How long would you say the average American spends cooking, serving food, and cleaning up after eating each day? 90 minutes? Two hours?
Try 37 minutes — or, at least, that’s what findings presented by the United States Department of Agriculture suggest.
If that sounds like a scary statistic to you, well, it should. It implies — among other things — that the average American primarily eats highly processed foods, and doesn’t have a good knowledge of the section of their local supermarket supplies by wholesale vegetable suppliers.
That, in turn, might go a fairly long way towards explaining some of the health epidemics of modern times, not least of all the obesity epidemic, or the prevalence of diabetes and heart disease in much of the developed world today.
Ultimately, it’s in your immediate interest to dedicate a substantially greater amount of time per day to preparing your food, and cooking it at home from scratch. Here are a few reasons why.
The additives in processed foods may literally kill you
This is a pretty straightforward point, but is easily the most important one to keep in mind. Processed food is simply not good for you, whereas home-cooked meals, prepared with natural, whole ingredients, are nourishing and are likely to confer a wide range of health benefits.
Processed foods are never as straightforward as you think. While everyone, basically, understands that eating ice cream and pop-tarts isn’t a healthy pastime, you might not have realised that even many of the apparently healthy breakfast cereals, fruit juices, and loaves of bread that you might buy, have been heavily processed and are full of additives that can have seriously negative consequences for your health.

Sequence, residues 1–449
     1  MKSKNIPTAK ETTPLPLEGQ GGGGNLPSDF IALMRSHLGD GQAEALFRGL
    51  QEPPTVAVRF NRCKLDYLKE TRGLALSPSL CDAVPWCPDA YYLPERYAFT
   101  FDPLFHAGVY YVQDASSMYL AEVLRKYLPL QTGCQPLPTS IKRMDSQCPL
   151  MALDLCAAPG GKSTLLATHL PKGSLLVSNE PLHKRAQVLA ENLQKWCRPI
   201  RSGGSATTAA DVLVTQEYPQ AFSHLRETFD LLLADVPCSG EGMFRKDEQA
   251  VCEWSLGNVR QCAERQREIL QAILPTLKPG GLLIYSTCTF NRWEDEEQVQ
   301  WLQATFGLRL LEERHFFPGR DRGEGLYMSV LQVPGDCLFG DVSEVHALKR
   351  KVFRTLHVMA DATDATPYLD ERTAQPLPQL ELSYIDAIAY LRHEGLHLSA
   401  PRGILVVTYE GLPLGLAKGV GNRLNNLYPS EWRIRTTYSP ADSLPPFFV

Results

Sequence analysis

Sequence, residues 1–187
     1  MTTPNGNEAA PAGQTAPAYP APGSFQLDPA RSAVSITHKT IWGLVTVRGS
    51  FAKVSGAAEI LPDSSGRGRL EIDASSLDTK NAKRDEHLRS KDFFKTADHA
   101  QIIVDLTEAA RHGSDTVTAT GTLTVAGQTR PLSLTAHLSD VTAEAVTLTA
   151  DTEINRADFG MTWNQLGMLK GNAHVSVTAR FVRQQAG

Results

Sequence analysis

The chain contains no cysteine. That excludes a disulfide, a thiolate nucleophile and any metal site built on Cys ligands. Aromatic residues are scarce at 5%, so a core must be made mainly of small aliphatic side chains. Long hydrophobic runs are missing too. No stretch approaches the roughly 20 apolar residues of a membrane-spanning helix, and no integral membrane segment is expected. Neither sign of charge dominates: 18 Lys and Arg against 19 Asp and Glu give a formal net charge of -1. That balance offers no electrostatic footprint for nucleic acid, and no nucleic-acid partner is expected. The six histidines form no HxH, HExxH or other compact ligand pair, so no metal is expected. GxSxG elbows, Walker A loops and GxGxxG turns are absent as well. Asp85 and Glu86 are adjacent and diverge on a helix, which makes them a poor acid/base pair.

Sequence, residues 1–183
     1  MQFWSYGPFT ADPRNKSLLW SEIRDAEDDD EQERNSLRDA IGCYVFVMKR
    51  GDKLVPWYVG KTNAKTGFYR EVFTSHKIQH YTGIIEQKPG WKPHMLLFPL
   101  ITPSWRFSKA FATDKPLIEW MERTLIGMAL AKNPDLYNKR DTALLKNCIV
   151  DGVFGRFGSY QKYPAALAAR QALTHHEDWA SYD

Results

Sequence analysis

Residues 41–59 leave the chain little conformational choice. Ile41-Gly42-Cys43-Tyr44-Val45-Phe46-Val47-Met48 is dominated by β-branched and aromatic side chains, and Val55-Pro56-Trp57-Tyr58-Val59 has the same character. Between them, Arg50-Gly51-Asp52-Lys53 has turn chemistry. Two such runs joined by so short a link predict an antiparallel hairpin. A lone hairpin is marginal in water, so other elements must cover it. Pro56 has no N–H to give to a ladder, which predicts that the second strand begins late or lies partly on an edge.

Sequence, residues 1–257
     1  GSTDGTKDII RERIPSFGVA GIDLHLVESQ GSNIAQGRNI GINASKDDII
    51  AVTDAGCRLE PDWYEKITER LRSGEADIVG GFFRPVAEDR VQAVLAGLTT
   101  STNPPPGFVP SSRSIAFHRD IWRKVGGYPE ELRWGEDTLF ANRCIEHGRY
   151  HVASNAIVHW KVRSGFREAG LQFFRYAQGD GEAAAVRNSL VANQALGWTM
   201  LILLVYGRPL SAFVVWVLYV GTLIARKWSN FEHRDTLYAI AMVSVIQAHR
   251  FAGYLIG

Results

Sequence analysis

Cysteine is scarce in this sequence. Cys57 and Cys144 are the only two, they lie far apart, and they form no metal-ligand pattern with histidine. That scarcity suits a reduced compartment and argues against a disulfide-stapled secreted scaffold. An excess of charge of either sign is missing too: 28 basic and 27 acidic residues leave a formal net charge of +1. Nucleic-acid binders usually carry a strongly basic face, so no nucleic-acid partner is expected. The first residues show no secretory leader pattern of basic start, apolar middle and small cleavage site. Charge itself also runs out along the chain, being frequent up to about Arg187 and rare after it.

High fructose corn syrup, for example, has been linked by research to all manner of health ills (including obesity) and often finds its way into even some of the most benign products.
If it’s ready to eat when you buy it (and it’s not fruit), there’s a good chance it’s highly processed.
Cooking can be a therapeutic pastime and a useful skill
Cooking is obviously something you do to feed yourself, but it’s also something that many people find to be deeply therapeutic.
After a long day of work, going through the simple, mechanical motions of preparing a meal — perhaps while putting some music on in the background — can be a good way to de-stress.
Cooking is, of course, also a useful skill, and your friends and family will appreciate you knowing how to do it.
Meals can be much more interesting when you’re the one cooking them up
When you’re the cook, there’s an unlimited degree to which you can experiment, try new flavour combinations, whip up new recipes, and keep your taste buds guessing.
While you may want to rely primarily on cookbooks while you’re getting the hang of things, the amount of variety and intensity of flavour you can experience in your diet is a lot higher, when you’re responsible for preparing your own meals at home, than when you’re buying prepared food from the store.